One of the surprises of this trip is the discovery of the Czech Cubism movement, which is spectacularly on view not only in various Prague museums, but also in some of the architecture.
I had never heard about Cubism in the Czech Republic. And what do I know about Cubism, anyhow, other than that a few famous painters like Picasso, Braque and Juan Gris experimented with the style at the beginning of the 20th Century. Only for it to die out again after WW I.
But the Czech took Cubism much more seriously. Several painters, some of whom had been to Paris to study together with the big guys, established their own Avant-garde movement, called Skupina, in 1911. To be honest, much of their work – by Emil Filla, Joseph Capek and the helpfully named Bohumil Kubista – echoes that of the better-known proponents of the style, and I am not sure how much originality there is in their work. But they were soon joined by others, designers and architects, who tried to extend the principles of Cubism to applied arts. Not easy, of course, because where in painting one can easily defend the autonomy of form, and art for the sake of art, buildings and furniture – the terrain of architects and designers – still need to fulfil a certain functional role, as well. The objective of the Cubist architect, so was explained to me, was to “to supplant the right-angled forms of modernism with oblique, broken, pyramidal ones; they desired to give shape to the boxlike, modernist interiors through the use of forms reminiscent of the inside of a crystal”.
The First World War interrupted the cross fertilisation between the various European art centres. Afterwards, in an independent Czechoslovakia, local Cubism developed into its own variety, called Rondo-cubism, a “national” style in which the broken and crystal-like ornamentation was replaced with colourful circles and arcs (source: http://www.nck.cz/cesky_kubismus – the site doesn’t seem to work anymore). (The architecture in Hradek Karlova, later in this trip, is perhaps the best example of this development.) In the end this country is blessed with a whole collection of unique Cubist architecture, Rondo or otherwise. Quite special!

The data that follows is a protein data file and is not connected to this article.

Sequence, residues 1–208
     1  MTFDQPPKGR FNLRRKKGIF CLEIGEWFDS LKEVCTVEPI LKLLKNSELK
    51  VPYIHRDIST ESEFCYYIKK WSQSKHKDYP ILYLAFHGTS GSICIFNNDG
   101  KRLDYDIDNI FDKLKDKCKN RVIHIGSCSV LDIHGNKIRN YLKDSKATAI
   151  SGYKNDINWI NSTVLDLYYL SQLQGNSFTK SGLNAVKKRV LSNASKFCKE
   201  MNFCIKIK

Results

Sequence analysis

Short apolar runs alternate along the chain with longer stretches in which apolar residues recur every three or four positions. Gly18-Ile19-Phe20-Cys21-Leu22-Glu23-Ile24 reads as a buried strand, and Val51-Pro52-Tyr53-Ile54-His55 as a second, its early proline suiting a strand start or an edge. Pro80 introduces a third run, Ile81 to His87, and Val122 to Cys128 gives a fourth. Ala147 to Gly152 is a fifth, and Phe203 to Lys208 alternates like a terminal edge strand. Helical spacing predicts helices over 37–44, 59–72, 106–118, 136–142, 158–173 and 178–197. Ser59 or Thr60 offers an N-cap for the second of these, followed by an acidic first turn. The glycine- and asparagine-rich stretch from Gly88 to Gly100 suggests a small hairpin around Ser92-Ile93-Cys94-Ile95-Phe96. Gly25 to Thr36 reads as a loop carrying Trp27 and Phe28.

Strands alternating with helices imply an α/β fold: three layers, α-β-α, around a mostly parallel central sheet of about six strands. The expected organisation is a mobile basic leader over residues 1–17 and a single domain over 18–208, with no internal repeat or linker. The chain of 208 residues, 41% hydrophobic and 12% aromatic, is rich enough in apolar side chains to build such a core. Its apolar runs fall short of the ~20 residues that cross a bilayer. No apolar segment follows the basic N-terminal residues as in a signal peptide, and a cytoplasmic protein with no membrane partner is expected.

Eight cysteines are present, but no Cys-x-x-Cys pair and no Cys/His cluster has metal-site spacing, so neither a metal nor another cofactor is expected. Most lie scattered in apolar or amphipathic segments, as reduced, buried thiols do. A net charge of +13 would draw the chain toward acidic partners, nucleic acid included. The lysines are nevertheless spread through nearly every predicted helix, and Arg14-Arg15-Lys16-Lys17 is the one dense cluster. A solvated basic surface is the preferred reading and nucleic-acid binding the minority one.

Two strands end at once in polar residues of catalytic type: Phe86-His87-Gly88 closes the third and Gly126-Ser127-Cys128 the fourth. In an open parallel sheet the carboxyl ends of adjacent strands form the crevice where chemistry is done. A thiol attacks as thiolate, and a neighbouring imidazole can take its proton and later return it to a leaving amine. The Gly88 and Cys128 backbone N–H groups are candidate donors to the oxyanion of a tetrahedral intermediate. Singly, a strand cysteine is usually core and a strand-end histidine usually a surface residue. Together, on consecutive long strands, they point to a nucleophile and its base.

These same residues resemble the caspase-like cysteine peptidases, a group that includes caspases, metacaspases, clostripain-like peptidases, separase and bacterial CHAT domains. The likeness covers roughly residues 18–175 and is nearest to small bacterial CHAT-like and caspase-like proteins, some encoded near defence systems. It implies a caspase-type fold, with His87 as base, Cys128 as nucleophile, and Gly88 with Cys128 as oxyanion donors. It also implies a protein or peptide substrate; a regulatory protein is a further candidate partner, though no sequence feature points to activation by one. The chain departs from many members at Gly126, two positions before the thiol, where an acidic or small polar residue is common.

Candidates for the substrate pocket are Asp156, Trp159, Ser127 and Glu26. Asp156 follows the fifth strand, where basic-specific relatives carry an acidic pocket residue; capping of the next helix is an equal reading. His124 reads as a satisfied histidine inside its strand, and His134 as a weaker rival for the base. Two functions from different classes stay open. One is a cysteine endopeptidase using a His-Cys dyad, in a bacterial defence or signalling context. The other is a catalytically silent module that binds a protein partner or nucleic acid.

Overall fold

The traces of Cubism in Prague
The best introduction to Czech Cubism is the museum in the old town of Prague, itself housed in a wonderful building with Cubist characteristics outside and in. Two floors are dedicated to a collection of tables, chairs and cupboards, and a whole range of other designer objects, like glass work and ceramics, with some paintings and posters thrown in for good measure – all from artists committed to Cubism. An absolutely fabulous collection!
Which prompted us to see more and move on to the Veletrzni Palac, a huge Trade Fair Hall, which houses the Narodni Gallery, a 19th and 20th Century Czech and international art museum. This contains – amongst other works – further paintings and sculptures of the Cubist adherents of the early 20th Century. Some Picasso and Braque, but many more Filla, Capek and Kubista. And in the process, we admired a lot more of Czech 20th Century painting, of which quite a lot was quite accomplished – a real nice, if unexpected, experience.
Of course, architecture is more difficult to capture in a museum. The Cubist buildings are distributed all of Prague, but the densest collection is in the Vysehrad area, where no less than four striking Cubist structures have been preserved, from mansions to apartment buildings. Some are crumbling away, sadly, and are marked by graffiti, but others look well-maintained, and will hopefully remain as examples of this fabulous expression of applied arts.
next: Pisek and Prachatice